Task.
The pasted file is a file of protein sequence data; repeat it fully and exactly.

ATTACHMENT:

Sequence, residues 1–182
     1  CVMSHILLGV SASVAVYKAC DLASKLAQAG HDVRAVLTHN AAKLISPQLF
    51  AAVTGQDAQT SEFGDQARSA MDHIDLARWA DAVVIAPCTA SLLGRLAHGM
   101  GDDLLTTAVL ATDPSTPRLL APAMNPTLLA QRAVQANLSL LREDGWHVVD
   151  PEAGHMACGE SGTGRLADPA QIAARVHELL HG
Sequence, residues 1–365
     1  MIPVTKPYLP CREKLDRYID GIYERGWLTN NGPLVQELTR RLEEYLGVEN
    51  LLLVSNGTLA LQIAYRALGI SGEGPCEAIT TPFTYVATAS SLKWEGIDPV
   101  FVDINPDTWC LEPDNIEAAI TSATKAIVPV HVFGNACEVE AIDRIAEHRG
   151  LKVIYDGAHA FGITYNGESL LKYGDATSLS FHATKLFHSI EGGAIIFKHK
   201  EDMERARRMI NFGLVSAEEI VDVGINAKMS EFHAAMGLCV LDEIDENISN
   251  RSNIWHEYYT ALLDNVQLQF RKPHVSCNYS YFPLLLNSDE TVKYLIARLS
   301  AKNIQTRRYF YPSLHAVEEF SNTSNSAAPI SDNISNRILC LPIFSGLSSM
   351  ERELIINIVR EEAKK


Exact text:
Sequence, residues 1–182
     1  CVMSHILLGV SASVAVYKAC DLASKLAQAG HDVRAVLTHN AAKLISPQLF
    51  AAVTGQDAQT SEFGDQARSA MDHIDLARWA DAVVIAPCTA SLLGRLAHGM
   101  GDDLLTTAVL ATDPSTPRLL APAMNPTLLA QRAVQANLSL LREDGWHVVD
   151  PEAGHMACGE SGTGRLADPA QIAARVHELL HG
Sequence, residues 1–365
     1  MIPVTKPYLP CREKLDRYID GIYERGWLTN NGPLVQELTR RLEEYLGVEN
    51  LLLVSNGTLA LQIAYRALGI SGEGPCEAIT TPFTYVATAS SLKWEGIDPV
   101  FVDINPDTWC LEPDNIEAAI TSATKAIVPV HVFGNACEVE AIDRIAEHRG
   151  LKVIYDGAHA FGITYNGESL LKYGDATSLS FHATKLFHSI EGGAIIFKHK
   201  EDMERARRMI NFGLVSAEEI VDVGINAKMS EFHAAMGLCV LDEIDENISN
   251  RSNIWHEYYT ALLDNVQLQF RKPHVSCNYS YFPLLLNSDE TVKYLIARLS
   301  AKNIQTRRYF YPSLHAVEEF SNTSNSAAPI SDNISNRILC LPIFSGLSSM
   351  ERELIINIVR EEAKK